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McAlmon, Robert (1896-1956)  
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Also while living in Greenwich Village, McAlmon became acquainted with the poet William Carlos Williams, who would become his closest and most loyal friend. To provide a forum for adventurous young American writers, McAlmon and Williams founded the literary magazine Contact. They published the magazine five times in 1920 and 1921 and released a single, more luxurious issue in 1923. Although an economic failure, Contact presented work by many of the leading figures of the early 1920s, including Ezra Pound and Marianne Moore, among others.


On Valentine's Day, 1921, McAlmon married Annie Winifred Ellerman (1894-1983), who preferred to be called Bryher, her literary pseudonym. Bryher was the daughter of Sir John Reeves Ellerman, a British shipping magnate who had become one of the wealthiest men in the world by the early 1920s. From the first announcement of the wedding, controversy surrounded this marriage.

Eager to protect his daughter from fortune hunters, Ellerman greatly restricted Bryher's contact with the world outside his house. Nevertheless, he allowed her to travel in 1918 to the United States with the poet Hilda Doolittle, called H.D. Undoubtedly, he was unaware that H.D. was Bryher's lover.

McAlmon first met Bryher when she stopped briefly in New York on her way to Los Angeles in September 1920, but he did not have the opportunity to get further acquainted with her until she returned to New York early in 1921. According to Williams and many of McAlmon's other associates, he initially knew Bryher only by her pseudonym and did not realize her wealthy family background until shortly before the wedding.

However, rumors, widely reported in American tabloid newspapers, characterized McAlmon as a "gold digger" seeking access to the Ellerman fortune. In later years, Bryher endorsed these claims, insisting that the marriage had been strictly a business arrangement, which she proposed in order to secure the freedom to live outside her father's home. Some recent queer commentators, including Gore Vidal, also have endorsed the theory that McAlmon understood that he was entering into a marriage of convenience and have disparaged his apparently selfish intentions.

Maintaining that he chose to marry Bryher because he loved her, McAlmon repeatedly asserted that he was both surprised and distressed by her refusal to consummate their union. Williams, Sylvia Beach, and many other intimate friends strongly supported McAlmon's account.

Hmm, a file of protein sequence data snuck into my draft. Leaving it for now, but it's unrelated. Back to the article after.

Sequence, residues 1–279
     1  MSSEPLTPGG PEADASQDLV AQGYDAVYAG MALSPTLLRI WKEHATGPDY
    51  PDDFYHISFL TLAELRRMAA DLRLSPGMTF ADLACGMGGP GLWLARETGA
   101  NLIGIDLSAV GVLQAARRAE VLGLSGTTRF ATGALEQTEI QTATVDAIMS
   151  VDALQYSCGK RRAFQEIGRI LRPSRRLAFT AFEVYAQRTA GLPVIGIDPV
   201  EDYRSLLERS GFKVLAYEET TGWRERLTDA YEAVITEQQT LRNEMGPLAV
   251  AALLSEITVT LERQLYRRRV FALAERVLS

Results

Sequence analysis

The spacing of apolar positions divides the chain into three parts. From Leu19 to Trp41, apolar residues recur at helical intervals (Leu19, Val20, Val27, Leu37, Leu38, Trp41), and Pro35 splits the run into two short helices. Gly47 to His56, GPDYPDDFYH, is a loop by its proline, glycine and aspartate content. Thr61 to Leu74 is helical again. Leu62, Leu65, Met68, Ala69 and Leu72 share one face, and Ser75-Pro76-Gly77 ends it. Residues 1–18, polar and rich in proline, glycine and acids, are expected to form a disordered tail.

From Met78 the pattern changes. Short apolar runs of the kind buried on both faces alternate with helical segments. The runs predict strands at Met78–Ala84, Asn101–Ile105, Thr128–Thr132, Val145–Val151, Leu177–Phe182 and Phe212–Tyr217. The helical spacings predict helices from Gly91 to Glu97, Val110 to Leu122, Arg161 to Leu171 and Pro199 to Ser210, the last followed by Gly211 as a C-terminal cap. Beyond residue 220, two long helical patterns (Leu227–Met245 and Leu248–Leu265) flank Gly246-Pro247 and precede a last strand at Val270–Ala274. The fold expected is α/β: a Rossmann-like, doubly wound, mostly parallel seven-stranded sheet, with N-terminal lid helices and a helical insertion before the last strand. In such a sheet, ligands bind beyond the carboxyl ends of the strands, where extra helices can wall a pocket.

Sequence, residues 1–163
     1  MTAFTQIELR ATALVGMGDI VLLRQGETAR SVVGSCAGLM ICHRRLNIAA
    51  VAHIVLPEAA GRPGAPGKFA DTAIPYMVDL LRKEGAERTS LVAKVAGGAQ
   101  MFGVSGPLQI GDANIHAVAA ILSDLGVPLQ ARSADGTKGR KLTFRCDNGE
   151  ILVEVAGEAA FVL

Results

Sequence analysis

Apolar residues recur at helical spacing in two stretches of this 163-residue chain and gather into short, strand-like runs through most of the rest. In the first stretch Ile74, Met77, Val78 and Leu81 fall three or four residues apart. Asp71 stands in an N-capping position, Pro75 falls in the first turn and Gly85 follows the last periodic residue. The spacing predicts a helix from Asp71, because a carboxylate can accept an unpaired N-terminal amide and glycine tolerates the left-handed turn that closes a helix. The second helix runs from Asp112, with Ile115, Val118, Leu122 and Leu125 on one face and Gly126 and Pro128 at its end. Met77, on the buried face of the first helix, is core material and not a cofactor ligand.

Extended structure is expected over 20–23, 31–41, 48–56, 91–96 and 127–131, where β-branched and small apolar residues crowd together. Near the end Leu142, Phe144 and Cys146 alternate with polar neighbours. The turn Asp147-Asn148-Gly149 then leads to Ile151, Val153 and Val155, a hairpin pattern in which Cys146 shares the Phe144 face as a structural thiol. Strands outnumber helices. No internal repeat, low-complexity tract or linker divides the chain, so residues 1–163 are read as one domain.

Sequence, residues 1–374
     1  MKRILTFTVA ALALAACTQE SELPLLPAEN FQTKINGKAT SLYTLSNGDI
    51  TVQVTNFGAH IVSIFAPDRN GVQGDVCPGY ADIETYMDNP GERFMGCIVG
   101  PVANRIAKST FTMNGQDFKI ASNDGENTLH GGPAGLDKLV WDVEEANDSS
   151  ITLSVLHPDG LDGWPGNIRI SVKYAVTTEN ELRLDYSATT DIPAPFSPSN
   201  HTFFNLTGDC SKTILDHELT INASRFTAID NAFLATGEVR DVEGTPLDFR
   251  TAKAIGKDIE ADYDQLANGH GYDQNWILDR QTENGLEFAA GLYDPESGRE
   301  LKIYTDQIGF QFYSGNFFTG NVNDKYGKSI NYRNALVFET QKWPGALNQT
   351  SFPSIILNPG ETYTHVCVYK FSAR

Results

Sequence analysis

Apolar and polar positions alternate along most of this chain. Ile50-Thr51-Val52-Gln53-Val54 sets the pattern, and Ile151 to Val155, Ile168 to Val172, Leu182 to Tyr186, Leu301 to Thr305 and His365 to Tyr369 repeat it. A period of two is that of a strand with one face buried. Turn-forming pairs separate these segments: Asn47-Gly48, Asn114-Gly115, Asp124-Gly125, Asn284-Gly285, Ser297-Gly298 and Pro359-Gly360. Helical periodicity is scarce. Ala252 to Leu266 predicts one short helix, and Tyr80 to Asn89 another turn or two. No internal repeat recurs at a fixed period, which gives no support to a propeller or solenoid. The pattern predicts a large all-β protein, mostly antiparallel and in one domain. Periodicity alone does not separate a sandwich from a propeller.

Although McAlmon steadfastly refused to blame Bryher for his later difficulties, most of his friends maintained that the circumstances of the marriage caused him to become cynical about human relationships and thereby ultimately contributed to the isolation of his later years. Sanford Smoller, the author of the most comprehensive study of McAlmon's career yet published, also blames most of McAlmon's professional setbacks to the failure of his relationship with Bryher. Thus, Smoller maintains that if McAlmon had married a more compatible woman, "he might have experienced the professional and personal satisfaction that consistently eluded him."

Underlying most of the discussion about McAlmon's marriage is the unstated assumption that his sexuality must be defined in terms of the binary categories of heterosexuality and homosexuality. However, McAlmon emphatically described himself as a bisexual throughout his life, and his assertions can be supported through an analysis of his writings. Although heavily edited, the published editions of Being Geniuses Together, his memoirs of his life in Paris, provide ample, though subtle, indications of his romantic and sexual interest in both men and women.

Furthermore, McAlmon's bisexuality may also be expressed in the story "Green Grow the Grasses," which is infused with a warm, idyllic romanticism, unusual in his work. Ironically, this story is frequently cited as a demonstration of McAlmon's exclusive homosexuality. To this end, the loving gazes between the narrator and the handsome Antoine have been discussed in isolation, rather than in the context of the actual grouping of the narrator, Antoine, and the beautiful Enid.

McAlmon in Europe: 1921-1923

Through his marriage to Bryher, McAlmon realized his ambition to become part of the dynamic community of expatriate writers and artists in Europe. On February 26, 1921, he and Bryher set sail for Great Britain. After spending a few weeks in London, McAlmon moved on alone to Paris.

In various interviews, Sylvia Beach maintained that McAlmon was one of the first Americans to patronize her bookstore, Shakespeare and Company. Assuming the role of older sister, Beach allowed him to use her store as his address and introduced him into the expatriate community. Encouraging him to write, Beach tried to prevent him from squandering his talents through heavy drinking, but she noted that "the drinks were always on him, and alas! often in him." In Being Geniuses Together, McAlmon acknowledged that there had been "much ordering of drinks," which helped to foster "moments of enjoying the sodden destruction of time in a weary world."

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